Heap, Tania Patricia
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This research project investigated the experiences of academics and researchers using blogs to support their practice. The three research questions were: to identify the academics' and researchers' motivations for beginning and maintaining a blog, the contribution of blogging to their learning in the profession, and the challenges experienced.
The research questions were investigated using several methods. Five datasets were collected from 26 participants. A questionnaire was first administered to collect background information about the bloggers, and was analysed quantitatively. Then, an initial unstructured interview of one open-ended question was conducted by email. The unstructured interview was analysed using descriptive phenomenology. A follow-on semi-structured interview was conducted and analysed by applying thematic analysis. Blog content was collected in parallel: textual extracts were analysed using discourse analysis and visual extracts by applying thematic/saliency analysis.
Results revealed varied reasons for beginning a blog. For example, the blog can be used as a repository of 'half-baked' ideas. Blogging contributed to the academics' and researchers' learning in the profession in multiple ways. Academic bloggers, for example, can quickly reach a wider audience compared to other forms of academic publishing. Among the challenges, there were concerns over managing confidential information in public, and intellectual property issues. Regarding the methodological contribution of the research, suggestions on strategies for mixing and matching different research methods for data collection and analysis have been provided.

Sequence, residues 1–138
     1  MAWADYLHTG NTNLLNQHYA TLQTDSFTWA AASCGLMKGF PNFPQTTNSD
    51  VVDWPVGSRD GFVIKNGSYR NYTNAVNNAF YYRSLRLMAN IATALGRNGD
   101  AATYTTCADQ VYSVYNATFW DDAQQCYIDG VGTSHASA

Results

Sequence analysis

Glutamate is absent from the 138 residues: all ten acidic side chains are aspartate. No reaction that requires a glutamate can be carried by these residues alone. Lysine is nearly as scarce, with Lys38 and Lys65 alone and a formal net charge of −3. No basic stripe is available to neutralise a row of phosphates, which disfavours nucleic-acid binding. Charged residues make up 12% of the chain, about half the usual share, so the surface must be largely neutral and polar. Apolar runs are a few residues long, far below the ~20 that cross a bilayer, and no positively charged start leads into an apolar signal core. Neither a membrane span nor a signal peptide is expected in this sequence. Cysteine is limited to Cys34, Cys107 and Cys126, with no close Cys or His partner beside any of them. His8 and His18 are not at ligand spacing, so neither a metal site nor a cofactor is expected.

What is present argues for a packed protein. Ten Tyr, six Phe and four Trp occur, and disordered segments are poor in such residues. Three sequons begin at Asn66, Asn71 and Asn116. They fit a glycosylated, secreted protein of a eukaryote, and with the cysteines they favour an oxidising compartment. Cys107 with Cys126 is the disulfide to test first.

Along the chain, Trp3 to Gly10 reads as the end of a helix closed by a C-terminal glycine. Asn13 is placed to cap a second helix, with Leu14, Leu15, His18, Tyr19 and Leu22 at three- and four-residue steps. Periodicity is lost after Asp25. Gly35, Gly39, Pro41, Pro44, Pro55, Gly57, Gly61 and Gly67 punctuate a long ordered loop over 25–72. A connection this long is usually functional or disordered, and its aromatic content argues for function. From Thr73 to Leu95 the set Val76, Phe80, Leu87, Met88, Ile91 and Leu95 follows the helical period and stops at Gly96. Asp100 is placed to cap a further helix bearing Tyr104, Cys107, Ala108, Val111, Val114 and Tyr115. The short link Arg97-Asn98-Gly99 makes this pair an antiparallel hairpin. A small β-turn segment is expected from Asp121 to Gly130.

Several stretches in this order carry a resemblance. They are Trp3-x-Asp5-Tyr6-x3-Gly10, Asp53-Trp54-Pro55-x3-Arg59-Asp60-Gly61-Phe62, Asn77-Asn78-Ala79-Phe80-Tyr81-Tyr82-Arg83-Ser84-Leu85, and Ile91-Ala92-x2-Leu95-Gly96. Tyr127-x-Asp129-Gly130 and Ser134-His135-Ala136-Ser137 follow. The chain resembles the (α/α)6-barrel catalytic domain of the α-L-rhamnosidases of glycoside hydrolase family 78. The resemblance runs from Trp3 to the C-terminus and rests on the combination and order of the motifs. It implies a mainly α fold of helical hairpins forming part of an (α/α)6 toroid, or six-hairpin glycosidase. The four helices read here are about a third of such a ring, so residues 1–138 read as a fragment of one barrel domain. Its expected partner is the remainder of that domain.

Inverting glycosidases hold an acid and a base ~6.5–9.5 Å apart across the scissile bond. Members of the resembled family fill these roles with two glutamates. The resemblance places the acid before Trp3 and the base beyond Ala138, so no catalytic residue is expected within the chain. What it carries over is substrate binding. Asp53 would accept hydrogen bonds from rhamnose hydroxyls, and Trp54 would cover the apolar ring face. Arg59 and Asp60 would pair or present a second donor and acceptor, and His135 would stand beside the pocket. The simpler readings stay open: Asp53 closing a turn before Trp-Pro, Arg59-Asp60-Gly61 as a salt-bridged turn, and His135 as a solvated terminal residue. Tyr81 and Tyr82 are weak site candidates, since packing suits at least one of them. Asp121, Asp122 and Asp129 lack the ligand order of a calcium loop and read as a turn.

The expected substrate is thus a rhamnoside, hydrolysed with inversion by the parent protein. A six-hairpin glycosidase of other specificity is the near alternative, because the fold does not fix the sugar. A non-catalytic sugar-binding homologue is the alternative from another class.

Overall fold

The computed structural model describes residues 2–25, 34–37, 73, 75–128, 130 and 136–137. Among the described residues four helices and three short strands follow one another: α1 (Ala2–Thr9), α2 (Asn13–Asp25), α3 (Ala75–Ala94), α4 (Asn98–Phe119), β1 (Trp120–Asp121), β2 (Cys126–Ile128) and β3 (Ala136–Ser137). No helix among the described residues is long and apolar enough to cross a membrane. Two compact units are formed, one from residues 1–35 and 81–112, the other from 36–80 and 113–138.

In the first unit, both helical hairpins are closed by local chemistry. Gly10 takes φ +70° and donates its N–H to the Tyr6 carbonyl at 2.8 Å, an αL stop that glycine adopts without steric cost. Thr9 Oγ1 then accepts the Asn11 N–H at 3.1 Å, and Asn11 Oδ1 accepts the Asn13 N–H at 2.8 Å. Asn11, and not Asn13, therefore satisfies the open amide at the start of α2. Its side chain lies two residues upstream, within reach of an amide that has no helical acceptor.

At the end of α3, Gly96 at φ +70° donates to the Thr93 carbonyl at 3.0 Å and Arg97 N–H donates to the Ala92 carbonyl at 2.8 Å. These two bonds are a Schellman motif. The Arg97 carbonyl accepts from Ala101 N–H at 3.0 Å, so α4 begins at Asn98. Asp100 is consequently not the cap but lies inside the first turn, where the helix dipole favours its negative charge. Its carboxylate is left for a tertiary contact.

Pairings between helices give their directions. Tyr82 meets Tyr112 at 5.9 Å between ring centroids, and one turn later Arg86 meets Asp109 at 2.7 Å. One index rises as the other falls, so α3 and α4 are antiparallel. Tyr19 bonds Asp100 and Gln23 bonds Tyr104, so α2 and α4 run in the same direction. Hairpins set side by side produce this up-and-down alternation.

An empirically-grounded framework of blog use in academia and research has been derived based on research findings and scholarship models in the literature. The framework describes how characteristics of digital scholarship such as openness and sharing, are manifested through blogging. The framework can be used to guide academics and researchers who are interested in taking up blogging as a scholarly practice.
Finally, empirically-grounded guidelines on using blogs in academia and research have been derived. The guidelines were evaluated by four practitioners. Future work includes recruiting more practitioners to evaluate the guidelines.
|Item Type:||Thesis (PhD)|
|Copyright Holders:||2012 The Author|
|Keywords:||blogs; social media; user-generated content; communication in education; social aspects of education|
|Academic Unit/Department:||Faculty of Arts and Social Sciences (FASS)|
|Interdisciplinary Research Centre:||Centre for Research in Education and Educational Technology (CREET)|
|Depositing User:||Ann McAloon|
|Date Deposited:||14 Nov 2012 13:39|
|Last Modified:||05 Oct 2016 04:57|
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